by Walter C. Wright
Following is an excerpt from Matthew Rodermund's November 1979 editorial focusing on a session at the CAS Spring Meeting that year. Change the words "age, sex, and marital status," to "credit history" and the debate is as fresh now as it was then.
Cost Based Classification Criteria
We believe it is agreed by the technicians that a proper risk classification needs more than to be cost based. But many segments of the industry have resisted current efforts to eliminate age, sex, and marital status as classification definitions largely on the ground that such distinctions can be statistically proved to be valid. They are cost based. What has happened is that in my quarters the importance of the cost based concept has been broadened to embraceand thus minimizeother considerations that the public regards as vital.
Certainly age, sex, and marital status meet Mr. [Michael] Fusco's standards of definiteness and practicality, but the insurance business has not yet established conclusively that those classifications meet the homogeneity criterion. There is a suspicion, moreover, that the agreed validity of the cost based criterion for age, sex, and marital status has discouraged the incentive for actuarial innovation that Ms. Bogue [Linda A. Bogue of the Stanford Research Institute] called for, and tends to sidestep her question on asymmetrical fairness, i.e., are good risks unreasonably overcharged?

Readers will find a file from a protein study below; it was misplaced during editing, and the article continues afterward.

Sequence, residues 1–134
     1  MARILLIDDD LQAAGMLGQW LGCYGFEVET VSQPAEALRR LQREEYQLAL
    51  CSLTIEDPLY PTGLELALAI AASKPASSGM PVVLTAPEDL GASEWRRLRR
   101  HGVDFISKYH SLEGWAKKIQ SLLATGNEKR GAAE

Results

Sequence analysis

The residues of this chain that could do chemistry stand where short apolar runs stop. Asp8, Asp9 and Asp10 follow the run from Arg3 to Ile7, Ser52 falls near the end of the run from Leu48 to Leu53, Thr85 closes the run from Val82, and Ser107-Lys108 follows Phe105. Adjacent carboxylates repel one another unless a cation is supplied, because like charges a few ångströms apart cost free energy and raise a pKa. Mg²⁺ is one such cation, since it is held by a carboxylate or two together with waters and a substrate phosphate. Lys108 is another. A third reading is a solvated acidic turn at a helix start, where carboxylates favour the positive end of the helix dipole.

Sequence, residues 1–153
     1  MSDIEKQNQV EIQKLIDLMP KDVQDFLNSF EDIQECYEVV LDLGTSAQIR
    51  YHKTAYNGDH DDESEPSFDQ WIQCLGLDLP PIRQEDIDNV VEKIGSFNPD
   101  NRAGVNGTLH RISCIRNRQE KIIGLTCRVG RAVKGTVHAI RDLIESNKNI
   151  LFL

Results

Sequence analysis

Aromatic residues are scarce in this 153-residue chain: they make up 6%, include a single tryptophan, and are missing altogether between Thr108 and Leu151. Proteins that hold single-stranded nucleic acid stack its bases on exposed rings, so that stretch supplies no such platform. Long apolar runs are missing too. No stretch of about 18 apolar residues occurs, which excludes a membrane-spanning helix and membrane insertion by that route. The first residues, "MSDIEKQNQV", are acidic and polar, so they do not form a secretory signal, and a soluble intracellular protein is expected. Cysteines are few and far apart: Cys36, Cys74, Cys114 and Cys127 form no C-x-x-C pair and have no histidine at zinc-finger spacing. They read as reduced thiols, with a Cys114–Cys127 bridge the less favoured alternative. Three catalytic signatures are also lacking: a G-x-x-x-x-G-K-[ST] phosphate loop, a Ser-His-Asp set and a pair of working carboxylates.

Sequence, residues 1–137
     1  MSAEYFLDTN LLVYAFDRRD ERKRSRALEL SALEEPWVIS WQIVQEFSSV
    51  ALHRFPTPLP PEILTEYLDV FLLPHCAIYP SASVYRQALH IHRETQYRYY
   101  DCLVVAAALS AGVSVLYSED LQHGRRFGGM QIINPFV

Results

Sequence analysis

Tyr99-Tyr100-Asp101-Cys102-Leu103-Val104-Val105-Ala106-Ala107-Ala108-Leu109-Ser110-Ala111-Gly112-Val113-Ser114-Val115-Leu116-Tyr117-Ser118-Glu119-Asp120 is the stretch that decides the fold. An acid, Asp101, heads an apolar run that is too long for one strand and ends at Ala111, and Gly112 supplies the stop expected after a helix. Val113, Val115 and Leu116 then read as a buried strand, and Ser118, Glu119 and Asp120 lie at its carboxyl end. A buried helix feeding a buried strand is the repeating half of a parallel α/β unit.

The cost based concept is fundamental, but it ought not to be used as club to beat down other considerations.